By Heather MacDonald – Re-Blogged From Prager University
By Bloomberg – Re-Blogged From Newsmax
President Donald Trump, stepping up his criticism of technology firms he says are favoring liberal points of view, said they may be in a “very antitrust situation” but repeatedly said he can’t comment publicly on whether they should be broken up.
“I won’t comment on the breaking up, of whether it’s that or Amazon or Facebook,” Trump said in an Oval Office interview Thursday with Bloomberg News. “As you know, many people think it is a very antitrust situation, the three of them. But I just, I won’t comment on that.”
By Kip Hansen – Re-Blogged From WUWT
Disclaimer: The opinions expressed in this article are solely those of the author, Kip Hansen, and do not reflect the opinions of WUWT or Anthony Watts, owner and editor of this blog. This is an independent Opinion Piece. It is published here by the kind forbearance of Anthony Watts and does not necessarily reflect Mr. Watts’ personal or professional viewpoints. Any errors are mine alone — Kip Hansen.
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Long Item Warning: This piece is 3600 words long and is estimated to take the average reader 18 minutes to read (every minute worth your effort). I urge you to set it aside and return to it when you really have the time to read it in its entirety. This is an important issue for most readers here. — Kip Hansen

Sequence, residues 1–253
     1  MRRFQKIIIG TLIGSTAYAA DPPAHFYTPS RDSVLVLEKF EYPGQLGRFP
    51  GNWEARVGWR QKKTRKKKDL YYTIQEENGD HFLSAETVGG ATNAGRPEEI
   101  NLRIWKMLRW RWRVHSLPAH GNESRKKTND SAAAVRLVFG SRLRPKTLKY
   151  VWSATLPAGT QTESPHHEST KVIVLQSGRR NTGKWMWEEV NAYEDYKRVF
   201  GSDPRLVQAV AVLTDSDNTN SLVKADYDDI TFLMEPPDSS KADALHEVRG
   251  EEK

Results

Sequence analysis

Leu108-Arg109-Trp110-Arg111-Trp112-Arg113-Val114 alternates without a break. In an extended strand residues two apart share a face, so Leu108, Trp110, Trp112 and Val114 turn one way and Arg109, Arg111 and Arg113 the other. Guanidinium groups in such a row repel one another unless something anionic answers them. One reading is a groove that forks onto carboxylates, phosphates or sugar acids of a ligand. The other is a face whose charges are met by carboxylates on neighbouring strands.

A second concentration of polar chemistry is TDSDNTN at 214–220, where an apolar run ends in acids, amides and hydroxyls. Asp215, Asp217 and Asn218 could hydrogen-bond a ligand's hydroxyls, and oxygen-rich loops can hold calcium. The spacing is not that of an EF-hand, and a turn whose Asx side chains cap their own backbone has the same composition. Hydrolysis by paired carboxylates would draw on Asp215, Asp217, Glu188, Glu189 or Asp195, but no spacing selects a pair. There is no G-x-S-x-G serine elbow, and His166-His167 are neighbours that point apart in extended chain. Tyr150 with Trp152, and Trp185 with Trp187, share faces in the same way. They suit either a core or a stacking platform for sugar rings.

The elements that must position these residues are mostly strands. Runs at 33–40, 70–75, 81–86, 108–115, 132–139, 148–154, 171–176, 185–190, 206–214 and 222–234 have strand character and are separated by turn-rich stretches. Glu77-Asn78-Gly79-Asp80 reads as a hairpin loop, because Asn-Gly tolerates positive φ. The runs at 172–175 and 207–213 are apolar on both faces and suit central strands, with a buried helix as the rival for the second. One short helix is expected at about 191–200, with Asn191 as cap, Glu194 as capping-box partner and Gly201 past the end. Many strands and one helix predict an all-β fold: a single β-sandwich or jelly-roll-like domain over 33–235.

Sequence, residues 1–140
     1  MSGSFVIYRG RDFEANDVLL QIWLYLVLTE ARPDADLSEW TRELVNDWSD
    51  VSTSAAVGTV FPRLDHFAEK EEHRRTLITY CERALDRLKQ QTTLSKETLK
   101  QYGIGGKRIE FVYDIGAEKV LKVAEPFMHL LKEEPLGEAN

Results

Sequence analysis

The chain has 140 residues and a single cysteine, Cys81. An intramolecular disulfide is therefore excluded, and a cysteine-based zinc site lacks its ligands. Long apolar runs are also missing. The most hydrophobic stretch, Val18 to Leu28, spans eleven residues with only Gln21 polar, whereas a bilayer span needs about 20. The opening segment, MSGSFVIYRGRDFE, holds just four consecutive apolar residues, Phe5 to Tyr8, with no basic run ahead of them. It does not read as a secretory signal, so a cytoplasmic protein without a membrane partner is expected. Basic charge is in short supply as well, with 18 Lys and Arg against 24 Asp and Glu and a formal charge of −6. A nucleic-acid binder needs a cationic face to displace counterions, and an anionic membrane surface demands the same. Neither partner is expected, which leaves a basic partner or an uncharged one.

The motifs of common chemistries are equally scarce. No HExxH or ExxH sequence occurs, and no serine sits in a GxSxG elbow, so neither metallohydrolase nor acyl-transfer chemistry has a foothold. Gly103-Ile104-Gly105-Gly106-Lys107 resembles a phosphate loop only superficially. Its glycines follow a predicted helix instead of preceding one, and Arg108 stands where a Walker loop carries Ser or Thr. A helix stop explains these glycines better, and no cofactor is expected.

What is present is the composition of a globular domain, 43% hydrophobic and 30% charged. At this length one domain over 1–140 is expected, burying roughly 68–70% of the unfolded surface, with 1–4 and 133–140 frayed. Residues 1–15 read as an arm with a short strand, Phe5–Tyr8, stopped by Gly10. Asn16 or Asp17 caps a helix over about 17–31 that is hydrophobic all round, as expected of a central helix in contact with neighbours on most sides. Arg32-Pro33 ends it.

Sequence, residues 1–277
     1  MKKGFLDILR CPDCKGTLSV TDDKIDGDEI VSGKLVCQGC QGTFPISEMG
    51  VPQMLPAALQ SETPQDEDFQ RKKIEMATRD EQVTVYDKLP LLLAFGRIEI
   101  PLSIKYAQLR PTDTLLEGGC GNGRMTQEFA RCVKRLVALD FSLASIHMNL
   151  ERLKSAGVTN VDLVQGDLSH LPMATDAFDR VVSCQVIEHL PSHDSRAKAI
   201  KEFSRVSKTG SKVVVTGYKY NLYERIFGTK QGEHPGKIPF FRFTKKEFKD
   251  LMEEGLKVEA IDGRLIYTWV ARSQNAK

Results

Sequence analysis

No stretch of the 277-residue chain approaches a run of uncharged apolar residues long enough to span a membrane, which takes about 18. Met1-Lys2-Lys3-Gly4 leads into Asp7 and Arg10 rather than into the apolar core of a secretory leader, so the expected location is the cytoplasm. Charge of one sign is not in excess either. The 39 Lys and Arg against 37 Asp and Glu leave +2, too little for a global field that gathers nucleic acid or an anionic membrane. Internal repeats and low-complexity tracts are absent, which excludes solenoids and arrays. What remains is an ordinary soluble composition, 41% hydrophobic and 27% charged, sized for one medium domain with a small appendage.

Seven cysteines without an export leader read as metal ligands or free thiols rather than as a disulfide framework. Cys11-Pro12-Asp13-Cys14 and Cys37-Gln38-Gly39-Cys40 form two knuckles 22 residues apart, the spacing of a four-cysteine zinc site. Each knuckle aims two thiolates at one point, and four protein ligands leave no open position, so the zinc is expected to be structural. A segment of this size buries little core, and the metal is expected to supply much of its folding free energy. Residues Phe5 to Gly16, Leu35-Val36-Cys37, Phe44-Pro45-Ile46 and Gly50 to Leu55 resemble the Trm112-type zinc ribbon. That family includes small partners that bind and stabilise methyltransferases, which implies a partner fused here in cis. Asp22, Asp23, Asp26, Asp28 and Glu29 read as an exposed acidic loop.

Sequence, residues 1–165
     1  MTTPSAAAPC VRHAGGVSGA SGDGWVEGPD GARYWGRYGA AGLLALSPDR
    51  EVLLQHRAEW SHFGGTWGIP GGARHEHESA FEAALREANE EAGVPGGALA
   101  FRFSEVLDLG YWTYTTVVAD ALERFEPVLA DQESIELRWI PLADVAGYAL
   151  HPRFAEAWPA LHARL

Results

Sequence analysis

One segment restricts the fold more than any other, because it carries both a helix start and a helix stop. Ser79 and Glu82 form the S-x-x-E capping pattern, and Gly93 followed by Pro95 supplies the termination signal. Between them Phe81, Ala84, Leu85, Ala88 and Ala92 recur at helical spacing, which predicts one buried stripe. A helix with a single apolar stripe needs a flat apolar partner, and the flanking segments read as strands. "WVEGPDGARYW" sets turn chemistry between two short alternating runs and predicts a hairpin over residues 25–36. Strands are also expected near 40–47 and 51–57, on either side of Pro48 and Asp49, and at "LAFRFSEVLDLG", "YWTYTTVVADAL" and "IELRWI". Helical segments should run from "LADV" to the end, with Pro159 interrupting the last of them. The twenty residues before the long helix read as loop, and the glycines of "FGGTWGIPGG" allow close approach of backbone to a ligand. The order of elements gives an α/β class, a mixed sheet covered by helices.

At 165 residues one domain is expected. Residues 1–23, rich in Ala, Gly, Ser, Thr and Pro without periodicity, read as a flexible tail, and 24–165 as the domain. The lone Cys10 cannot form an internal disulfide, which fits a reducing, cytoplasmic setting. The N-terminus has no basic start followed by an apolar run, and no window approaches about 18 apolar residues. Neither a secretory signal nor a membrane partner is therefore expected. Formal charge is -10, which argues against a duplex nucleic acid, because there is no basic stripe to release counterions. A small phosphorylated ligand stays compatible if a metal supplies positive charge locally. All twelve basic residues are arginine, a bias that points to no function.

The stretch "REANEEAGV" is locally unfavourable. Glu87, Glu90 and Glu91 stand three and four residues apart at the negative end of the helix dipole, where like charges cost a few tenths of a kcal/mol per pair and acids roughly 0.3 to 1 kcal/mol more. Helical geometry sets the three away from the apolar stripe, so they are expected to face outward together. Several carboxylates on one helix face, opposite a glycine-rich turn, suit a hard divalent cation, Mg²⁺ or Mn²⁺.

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By Neil Lock – Re-Blogged From http://www.WattsUpWithThat.com
Today, I’m going to write about science. This won’t be a technical paper. It won’t be full of numbers or equations. Instead, I’m going to look at science from the generalist point of view. I’m going to ask questions like: What is science? How useful is it to the making of decisions, including political ones? And, how can we tell good science from bad?
What is science?
According to Webster’s, science is: “knowledge or a system of knowledge covering general truths or the operation of general laws.”
By Leo Goldstein – Re-Blogged From http://www.WattsUpWithThat.com
This essay attempts to address a rarely asked question: How did Silicon Valley, one of the greatest centers of wealth and brain power on Earth, embrace climate alarmism? Silicon Valley insiders are smart and successful people. By “Silicon Valley insiders,” I mean the founders, owners, venture capitalists, executives, and software professionals of the so-called tech companies located not only in the Silicon Valley, but elsewhere in the U.S.
Cognitive biases affecting understanding of the sciences
1. Silicon Valley insiders are educated and experienced in the software side of computer sciences but rarely in the kind of sciences that are directly involved with climate topics, such as physics, biology or energy engineering.